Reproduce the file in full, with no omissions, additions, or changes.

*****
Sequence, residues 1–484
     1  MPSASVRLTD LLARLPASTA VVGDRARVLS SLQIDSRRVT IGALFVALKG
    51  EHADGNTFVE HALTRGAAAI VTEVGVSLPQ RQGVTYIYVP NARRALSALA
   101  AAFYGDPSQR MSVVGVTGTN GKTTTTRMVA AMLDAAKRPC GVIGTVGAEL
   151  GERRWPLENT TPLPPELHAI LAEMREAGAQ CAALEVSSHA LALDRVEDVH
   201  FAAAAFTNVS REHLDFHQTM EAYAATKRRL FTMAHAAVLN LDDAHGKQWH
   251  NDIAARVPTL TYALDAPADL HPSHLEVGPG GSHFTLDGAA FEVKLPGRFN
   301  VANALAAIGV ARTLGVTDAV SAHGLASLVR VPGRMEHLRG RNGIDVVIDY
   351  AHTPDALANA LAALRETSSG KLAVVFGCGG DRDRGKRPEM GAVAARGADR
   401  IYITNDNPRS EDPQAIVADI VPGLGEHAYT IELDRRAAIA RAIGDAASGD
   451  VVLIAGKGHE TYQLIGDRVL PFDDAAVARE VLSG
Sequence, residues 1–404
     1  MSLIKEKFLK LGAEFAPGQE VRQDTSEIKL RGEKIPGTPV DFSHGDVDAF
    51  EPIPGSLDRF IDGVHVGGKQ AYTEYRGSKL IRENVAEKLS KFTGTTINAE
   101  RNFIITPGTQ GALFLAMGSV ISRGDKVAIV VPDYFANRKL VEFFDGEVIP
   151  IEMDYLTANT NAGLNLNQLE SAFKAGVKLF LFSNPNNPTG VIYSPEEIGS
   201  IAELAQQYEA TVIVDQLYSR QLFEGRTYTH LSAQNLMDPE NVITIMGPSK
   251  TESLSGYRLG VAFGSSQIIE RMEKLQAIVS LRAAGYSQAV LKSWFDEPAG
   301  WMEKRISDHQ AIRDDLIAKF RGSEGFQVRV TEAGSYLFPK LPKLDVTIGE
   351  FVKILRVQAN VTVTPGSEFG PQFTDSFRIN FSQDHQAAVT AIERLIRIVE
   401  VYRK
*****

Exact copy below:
Sequence, residues 1–484
     1  MPSASVRLTD LLARLPASTA VVGDRARVLS SLQIDSRRVT IGALFVALKG
    51  EHADGNTFVE HALTRGAAAI VTEVGVSLPQ RQGVTYIYVP NARRALSALA
   101  AAFYGDPSQR MSVVGVTGTN GKTTTTRMVA AMLDAAKRPC GVIGTVGAEL
   151  GERRWPLENT TPLPPELHAI LAEMREAGAQ CAALEVSSHA LALDRVEDVH
   201  FAAAAFTNVS REHLDFHQTM EAYAATKRRL FTMAHAAVLN LDDAHGKQWH
   251  NDIAARVPTL TYALDAPADL HPSHLEVGPG GSHFTLDGAA FEVKLPGRFN
   301  VANALAAIGV ARTLGVTDAV SAHGLASLVR VPGRMEHLRG RNGIDVVIDY
   351  AHTPDALANA LAALRETSSG KLAVVFGCGG DRDRGKRPEM GAVAARGADR
   401  IYITNDNPRS EDPQAIVADI VPGLGEHAYT IELDRRAAIA RAIGDAASGD
   451  VVLIAGKGHE TYQLIGDRVL PFDDAAVARE VLSG
Sequence, residues 1–404
     1  MSLIKEKFLK LGAEFAPGQE VRQDTSEIKL RGEKIPGTPV DFSHGDVDAF
    51  EPIPGSLDRF IDGVHVGGKQ AYTEYRGSKL IRENVAEKLS KFTGTTINAE
   101  RNFIITPGTQ GALFLAMGSV ISRGDKVAIV VPDYFANRKL VEFFDGEVIP
   151  IEMDYLTANT NAGLNLNQLE SAFKAGVKLF LFSNPNNPTG VIYSPEEIGS
   201  IAELAQQYEA TVIVDQLYSR QLFEGRTYTH LSAQNLMDPE NVITIMGPSK
   251  TESLSGYRLG VAFGSSQIIE RMEKLQAIVS LRAAGYSQAV LKSWFDEPAG
   301  WMEKRISDHQ AIRDDLIAKF RGSEGFQVRV TEAGSYLFPK LPKLDVTIGE
   351  FVKILRVQAN VTVTPGSEFG PQFTDSFRIN FSQDHQAAVT AIERLIRIVE
   401  VYRK